Linkages between Excess Currency and Stock Market Returns:Granger Causality in Mean and Variance
This paper investigates the causal linkages between monetary and equity market integration of the new member states (NMS) as well as of the non economic monetary union (Non- EMU) member states with the euro zone, after the official launch of the euro. Granger causality in mean and in variance tests are utilized. Our results reveal a number of interesting facts that can be summarized as follows. Firstly, there is little evidence of causality in mean effects for all countries. Secondly, there are significant spill over effects for the NMS. Thirdly, the excess currency return is the chief variable which leads the excess stock market return volatility of the NMS. Our findings have obvious implications for both investors and policy makers.
|Date of creation:||2010|
|Date of revision:|
|Contact details of provider:|| Postal: |
Web page: http://www.maynoothuniversity.ie/economics-finance-and-accounting
More information through EDIRC
References listed on IDEAS
Please report citation or reference errors to , or , if you are the registered author of the cited work, log in to your RePEc Author Service profile, click on "citations" and make appropriate adjustments.:
- Balázs Égert & Evžen Kocenda, 2007.
"Time-Varying Comovements in Developed and Emerging European Stock Markets: Evidence from Intraday Data,"
William Davidson Institute Working Papers Series
wp861, William Davidson Institute at the University of Michigan.
- Balázs Égert & Evžen Kočenda, 2011. "Time-varying synchronization of European stock markets," Empirical Economics, Springer, vol. 40(2), pages 393-407, April.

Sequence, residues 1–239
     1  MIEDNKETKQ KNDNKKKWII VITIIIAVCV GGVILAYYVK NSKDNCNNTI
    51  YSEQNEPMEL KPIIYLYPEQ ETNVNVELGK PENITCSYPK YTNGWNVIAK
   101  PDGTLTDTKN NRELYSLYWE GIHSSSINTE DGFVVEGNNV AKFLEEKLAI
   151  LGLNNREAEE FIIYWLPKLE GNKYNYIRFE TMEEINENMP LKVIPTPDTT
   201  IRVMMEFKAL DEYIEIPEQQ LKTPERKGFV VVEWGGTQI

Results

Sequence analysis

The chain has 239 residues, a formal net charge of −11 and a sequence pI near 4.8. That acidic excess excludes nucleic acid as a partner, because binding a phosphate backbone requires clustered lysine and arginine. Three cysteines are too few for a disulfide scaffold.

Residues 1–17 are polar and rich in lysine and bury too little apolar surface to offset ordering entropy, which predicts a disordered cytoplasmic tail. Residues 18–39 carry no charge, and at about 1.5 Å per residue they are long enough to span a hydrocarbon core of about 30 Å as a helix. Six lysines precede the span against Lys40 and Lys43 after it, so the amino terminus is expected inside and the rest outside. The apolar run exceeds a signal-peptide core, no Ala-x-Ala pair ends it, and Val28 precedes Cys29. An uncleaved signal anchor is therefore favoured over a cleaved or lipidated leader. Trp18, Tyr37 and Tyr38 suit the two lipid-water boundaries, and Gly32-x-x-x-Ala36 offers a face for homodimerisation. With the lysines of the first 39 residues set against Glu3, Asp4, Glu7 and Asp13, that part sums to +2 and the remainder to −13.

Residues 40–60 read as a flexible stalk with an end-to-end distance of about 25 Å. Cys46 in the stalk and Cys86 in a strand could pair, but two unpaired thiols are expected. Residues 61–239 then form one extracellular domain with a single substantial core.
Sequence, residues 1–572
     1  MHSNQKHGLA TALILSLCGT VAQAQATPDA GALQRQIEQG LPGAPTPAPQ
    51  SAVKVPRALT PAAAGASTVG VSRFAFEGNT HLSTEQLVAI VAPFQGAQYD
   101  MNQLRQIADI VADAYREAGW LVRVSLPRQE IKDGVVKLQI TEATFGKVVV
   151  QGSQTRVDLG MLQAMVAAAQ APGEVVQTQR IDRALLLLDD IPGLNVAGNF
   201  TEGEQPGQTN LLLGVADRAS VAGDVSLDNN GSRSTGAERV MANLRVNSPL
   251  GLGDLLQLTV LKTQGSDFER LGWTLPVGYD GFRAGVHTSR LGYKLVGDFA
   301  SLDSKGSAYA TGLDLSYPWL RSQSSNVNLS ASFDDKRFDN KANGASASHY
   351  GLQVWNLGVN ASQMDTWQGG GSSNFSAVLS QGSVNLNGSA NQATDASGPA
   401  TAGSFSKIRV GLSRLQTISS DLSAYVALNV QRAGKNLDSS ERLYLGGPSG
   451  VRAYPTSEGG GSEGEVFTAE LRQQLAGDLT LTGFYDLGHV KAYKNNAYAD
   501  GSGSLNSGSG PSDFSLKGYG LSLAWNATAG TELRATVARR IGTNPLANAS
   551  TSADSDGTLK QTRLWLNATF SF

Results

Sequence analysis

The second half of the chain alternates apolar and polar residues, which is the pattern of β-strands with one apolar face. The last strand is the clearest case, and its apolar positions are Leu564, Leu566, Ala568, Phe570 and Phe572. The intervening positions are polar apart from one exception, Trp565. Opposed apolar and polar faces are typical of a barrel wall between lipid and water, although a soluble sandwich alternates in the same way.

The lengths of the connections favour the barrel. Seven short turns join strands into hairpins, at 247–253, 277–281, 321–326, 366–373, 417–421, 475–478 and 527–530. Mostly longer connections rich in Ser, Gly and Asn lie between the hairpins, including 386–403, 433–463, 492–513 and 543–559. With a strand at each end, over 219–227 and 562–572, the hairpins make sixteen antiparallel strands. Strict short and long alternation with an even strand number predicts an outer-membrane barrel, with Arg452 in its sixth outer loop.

When requesting a correction, please mention this item's handle: RePEc:may:mayecw:n209-10.pdf. See general information about how to correct material in RePEc.
For technical questions regarding this item, or to correct its authors, title, abstract, bibliographic or download information, contact: ()
If you have authored this item and are not yet registered with RePEc, we encourage you to do it here. This allows to link your profile to this item. It also allows you to accept potential citations to this item that we are uncertain about.
If references are entirely missing, you can add them using this form.
If the full references list an item that is present in RePEc, but the system did not link to it, you can help with this form.
If you know of missing items citing this one, you can help us creating those links by adding the relevant references in the same way as above, for each refering item. If you are a registered author of this item, you may also want to check the "citations" tab in your profile, as there may be some citations waiting for confirmation.
Please note that corrections may take a couple of weeks to filter through the various RePEc services.